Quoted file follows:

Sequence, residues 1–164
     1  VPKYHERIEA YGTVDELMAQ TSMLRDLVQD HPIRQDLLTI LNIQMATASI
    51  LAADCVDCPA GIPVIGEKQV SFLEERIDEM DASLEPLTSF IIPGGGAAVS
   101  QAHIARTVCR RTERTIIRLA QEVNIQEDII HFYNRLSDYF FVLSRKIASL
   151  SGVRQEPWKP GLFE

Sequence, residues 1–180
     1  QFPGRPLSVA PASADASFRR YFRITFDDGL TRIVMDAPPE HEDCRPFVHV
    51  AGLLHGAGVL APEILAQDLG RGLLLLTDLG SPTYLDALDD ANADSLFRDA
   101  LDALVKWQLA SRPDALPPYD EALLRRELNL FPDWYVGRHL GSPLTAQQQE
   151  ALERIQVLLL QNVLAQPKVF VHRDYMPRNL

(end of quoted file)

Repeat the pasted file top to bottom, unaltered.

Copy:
Sequence, residues 1–164
     1  VPKYHERIEA YGTVDELMAQ TSMLRDLVQD HPIRQDLLTI LNIQMATASI
    51  LAADCVDCPA GIPVIGEKQV SFLEERIDEM DASLEPLTSF IIPGGGAAVS
   101  QAHIARTVCR RTERTIIRLA QEVNIQEDII HFYNRLSDYF FVLSRKIASL
   151  SGVRQEPWKP GLFE

Sequence, residues 1–180
     1  QFPGRPLSVA PASADASFRR YFRITFDDGL TRIVMDAPPE HEDCRPFVHV
    51  AGLLHGAGVL APEILAQDLG RGLLLLTDLG SPTYLDALDD ANADSLFRDA
   101  LDALVKWQLA SRPDALPPYD EALLRRELNL FPDWYVGRHL GSPLTAQQQE
   151  ALERIQVLLL QNVLAQPKVF VHRDYMPRNL